WHEN a tear rolled down the cheek of Dafydd Iwan belting out ‘Yma o Hyd’ before Wales’ World Cup play-off game against Austria, many hailed it as a moment of national significance.

In a sports-mad nation often billed as the ‘Land of Song’, it is perhaps no surprise that when football and music meet, high emotion follows. 

But Thursday’s performances – first by the 78 year-old folk singer, and then on the pitch by eleven men in red – seemed to lift our collective spirit in a realm beyond sport or song or simple emotion.

According to the English folk singer Martin Carthy football chants and songs are ‘the one surviving embodiment of an organic living folk tradition’ – and the adoption of Iwan’s almost 40 year-old anthem of defiance by a wide cross-section of the Welsh public certainly seems to bear that out.

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Written in the years following the crushing ‘No’ vote of the 1979 devolution referendum, and immediately prior to the seismic clash between Margaret Thatcher’s Conservative government and striking miners in the south of Wales and elsewhere, ‘Yma o Hyd’ celebrates the survival of the Welsh people and the Welsh language over nearly two millennia – since Macsen Wledig withdrew the Roman legions from the island of Britain in 383AD.

The National Wales: Dafydd Iwan performs Yma O Hyd before Wales World Cup play-off semi final victory over Austria. Picture: Chris Fairweather/Huw Evans AgencyDafydd Iwan performs Yma O Hyd before Wales World Cup play-off semi final victory over Austria. Picture: Chris Fairweather/Huw Evans Agency

The song has been popular, particularly with Welsh-language audiences, for four decades, and has been credited with contributing to the changing attitudes that prefigured the Welsh Language Act 1993 and the second – successful – devolution referendum in 1997.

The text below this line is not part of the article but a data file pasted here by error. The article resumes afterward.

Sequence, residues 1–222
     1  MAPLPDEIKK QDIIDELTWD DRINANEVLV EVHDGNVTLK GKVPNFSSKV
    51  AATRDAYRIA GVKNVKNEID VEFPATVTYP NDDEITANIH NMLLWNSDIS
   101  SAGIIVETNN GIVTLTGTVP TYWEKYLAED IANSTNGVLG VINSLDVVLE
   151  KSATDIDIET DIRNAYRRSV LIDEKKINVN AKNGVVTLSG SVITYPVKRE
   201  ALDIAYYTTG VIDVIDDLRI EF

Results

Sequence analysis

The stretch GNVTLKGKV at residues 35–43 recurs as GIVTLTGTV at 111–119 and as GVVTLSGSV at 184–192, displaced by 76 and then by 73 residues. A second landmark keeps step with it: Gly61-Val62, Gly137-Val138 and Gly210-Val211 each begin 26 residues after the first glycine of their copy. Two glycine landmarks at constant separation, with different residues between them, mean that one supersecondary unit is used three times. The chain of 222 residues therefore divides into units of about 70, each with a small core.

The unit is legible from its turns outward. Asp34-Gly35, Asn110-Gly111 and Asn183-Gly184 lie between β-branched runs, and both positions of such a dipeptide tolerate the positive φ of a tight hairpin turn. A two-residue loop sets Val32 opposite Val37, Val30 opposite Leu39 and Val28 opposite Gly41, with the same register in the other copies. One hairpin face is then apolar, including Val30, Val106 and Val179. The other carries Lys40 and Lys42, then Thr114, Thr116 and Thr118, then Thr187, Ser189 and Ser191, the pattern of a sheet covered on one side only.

Now it takes its place in the long tradition of football anthems, songs that some academics have theorised as a form of blason populaire, in which an in-group vocalises its identity against an out-group.

Chanting at football matches can be traced to the earliest days of the professional game in the late nineteenth century.

A ‘war cry’ was recorded at the Scottish Cup Final of 1887, and many Victorian music hall songs referenced the popularity of the game, most famously Glasgow-born James Curran’s ‘The Dooley Fitba’ Club’, better known as ‘Football Crazy’.

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Welsh supporters were among the first known to develop chants in support of individual players. ‘Give it to Ballie’ – striker Billy Ball – was a popular chant of Swansea fans in the 1910s, and is referenced in the academic tome Sport, Music, Identities, edited by Anthony Bateman. 

But despite these early examples – and songs like Portsmouth’s ‘Play Up Pompey’ and Newcastle United’s ‘Blaydon Races’ which have survived to this day – it was not until the 1960s that songs and chants became an integral part of football fan culture.

At the 1962 and 1966 World Cups, more affordable travel made it possible for international supporters to mix en masse and adopt each other’s chants, songs and popular tunes.


It is perhaps therefore no surprise that the recent development of what is possibly world football’s most eclectic songbook has coincided with the most successful period in the history of Cymru’s national team, during which supporters have travelled in greater numbers, developing what comedian Elis James has called ‘a bilingual counterculture’.